from the back cover
Princess Una of Parumvir has come of age and will soon marry. She dreams of a charming prince, but when her first suitor arrives, he's not what she'd hoped. Prince Aethelbald of mysterious Farthestshore has travelled a great distance to prove his love--and also to bring hushed warnings of danger. A dragon is rumored to be on the hunt and blazing a path of terror.
Una, smitten instead with a more dashing prince, refuses Aethelbald's offer--and ignores his cautions with dire consequences. Soon the Dragon King himself is in Parumvir and Una, in giving her heart away unwisely, finds herself in his sights. Only those courageous enough to risk everything have a hope of fighting off this advancing evil.
This book grabbed me from the very beginning and held my interest until the very end (at which point, as with all good books, I stared at the acknowledgements page in great sorrow because I did not have book two on hand).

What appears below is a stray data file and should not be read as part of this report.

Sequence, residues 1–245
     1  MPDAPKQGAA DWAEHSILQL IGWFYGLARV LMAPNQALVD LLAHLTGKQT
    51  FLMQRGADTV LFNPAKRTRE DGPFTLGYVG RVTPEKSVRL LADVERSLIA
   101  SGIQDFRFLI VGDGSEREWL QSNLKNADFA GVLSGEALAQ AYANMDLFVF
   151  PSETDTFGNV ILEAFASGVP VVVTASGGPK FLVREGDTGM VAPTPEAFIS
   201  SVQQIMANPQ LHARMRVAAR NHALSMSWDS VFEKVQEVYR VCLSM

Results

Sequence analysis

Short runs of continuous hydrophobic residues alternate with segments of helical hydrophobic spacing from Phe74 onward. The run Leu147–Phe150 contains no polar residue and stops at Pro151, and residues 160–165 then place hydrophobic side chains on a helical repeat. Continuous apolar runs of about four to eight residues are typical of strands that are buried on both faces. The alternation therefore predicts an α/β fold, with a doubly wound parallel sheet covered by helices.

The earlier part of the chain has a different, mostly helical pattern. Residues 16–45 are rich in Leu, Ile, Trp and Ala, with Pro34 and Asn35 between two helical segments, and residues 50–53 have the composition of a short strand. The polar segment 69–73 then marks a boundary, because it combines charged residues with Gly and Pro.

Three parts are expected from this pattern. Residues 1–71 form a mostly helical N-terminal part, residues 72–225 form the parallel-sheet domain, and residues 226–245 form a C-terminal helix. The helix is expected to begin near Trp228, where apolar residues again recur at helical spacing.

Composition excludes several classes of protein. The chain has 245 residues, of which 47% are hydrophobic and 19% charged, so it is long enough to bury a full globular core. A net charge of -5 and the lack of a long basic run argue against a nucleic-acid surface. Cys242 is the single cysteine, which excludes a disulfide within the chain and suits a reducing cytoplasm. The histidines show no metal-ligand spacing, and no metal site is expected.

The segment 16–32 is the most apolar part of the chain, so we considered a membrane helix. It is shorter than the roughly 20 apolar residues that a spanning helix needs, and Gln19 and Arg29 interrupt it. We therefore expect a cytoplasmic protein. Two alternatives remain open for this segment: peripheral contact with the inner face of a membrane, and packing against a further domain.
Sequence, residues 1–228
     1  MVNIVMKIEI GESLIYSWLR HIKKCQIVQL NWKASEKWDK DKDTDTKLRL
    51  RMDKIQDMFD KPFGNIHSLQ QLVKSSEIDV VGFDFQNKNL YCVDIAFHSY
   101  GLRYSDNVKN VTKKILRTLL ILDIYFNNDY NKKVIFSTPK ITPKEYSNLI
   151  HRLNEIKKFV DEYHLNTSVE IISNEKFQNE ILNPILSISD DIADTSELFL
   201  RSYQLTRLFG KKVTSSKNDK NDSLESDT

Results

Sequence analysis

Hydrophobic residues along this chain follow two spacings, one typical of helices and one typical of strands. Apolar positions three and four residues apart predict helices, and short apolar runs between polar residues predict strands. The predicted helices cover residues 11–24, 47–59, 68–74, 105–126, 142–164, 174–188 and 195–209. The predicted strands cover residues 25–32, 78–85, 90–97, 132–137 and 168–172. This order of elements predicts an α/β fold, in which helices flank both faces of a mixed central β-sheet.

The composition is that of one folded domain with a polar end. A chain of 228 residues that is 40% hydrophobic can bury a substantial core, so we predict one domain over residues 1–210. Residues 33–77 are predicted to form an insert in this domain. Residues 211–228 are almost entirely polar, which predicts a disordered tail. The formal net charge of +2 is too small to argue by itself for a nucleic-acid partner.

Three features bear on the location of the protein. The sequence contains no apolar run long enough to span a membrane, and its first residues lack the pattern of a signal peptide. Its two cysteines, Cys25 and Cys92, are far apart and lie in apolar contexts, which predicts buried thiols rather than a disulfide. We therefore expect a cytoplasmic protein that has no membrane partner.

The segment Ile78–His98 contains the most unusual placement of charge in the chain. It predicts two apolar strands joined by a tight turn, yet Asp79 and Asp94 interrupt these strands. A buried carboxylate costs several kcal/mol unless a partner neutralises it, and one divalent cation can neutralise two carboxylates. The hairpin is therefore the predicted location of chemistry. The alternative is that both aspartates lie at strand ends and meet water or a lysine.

Una is immature and selfish but fittingly so for a princess, and the suitors are all well fleshed-out. I cringed at some and laughed with others, and Prince Aethelbald kept me wondering at his true nature a good long while. I wanted to like him, but at the same time didn't trust him. Leonard, though, was my favorite, but I won't say more about either of these men for fear of giving too much away.
And, of course, you know... DRAGONS. Again, very little I can say without spoiling everything, but the dragons were so cleverly done.
One minor complaint I have is the lack of creativity in names, i.e. Farthestshore and Wilderlands. I also found it odd that Una called her nurse "Nurse" for the entire book, and we're never given any other name for her.
Finally, I don't know that I would call Heartless a Christian allegory, but there were clear Christian themes woven throughout without being blatantly obvious, which I appreciated.
*******Have you read Heartless? What do you think of the name Aethelbald? (I think it's a fabulous name and very much fun to say.)